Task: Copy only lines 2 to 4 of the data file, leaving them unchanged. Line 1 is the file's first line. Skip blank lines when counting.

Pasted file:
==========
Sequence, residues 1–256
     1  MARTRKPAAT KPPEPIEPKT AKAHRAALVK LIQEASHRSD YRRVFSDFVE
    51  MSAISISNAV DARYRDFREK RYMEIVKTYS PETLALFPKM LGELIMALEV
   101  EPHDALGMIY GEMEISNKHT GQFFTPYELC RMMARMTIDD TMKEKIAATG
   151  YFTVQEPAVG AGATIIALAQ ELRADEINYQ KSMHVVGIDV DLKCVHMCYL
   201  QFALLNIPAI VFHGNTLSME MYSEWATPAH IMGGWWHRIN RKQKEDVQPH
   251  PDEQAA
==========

     1  MARTRKPAAT KPPEPIEPKT AKAHRAALVK LIQEASHRSD YRRVFSDFVE
    51  MSAISISNAV DARYRDFREK RYMEIVKTYS PETLALFPKM LGELIMALEV
   101  EPHDALGMIY GEMEISNKHT GQFFTPYELC RMMARMTIDD TMKEKIAATG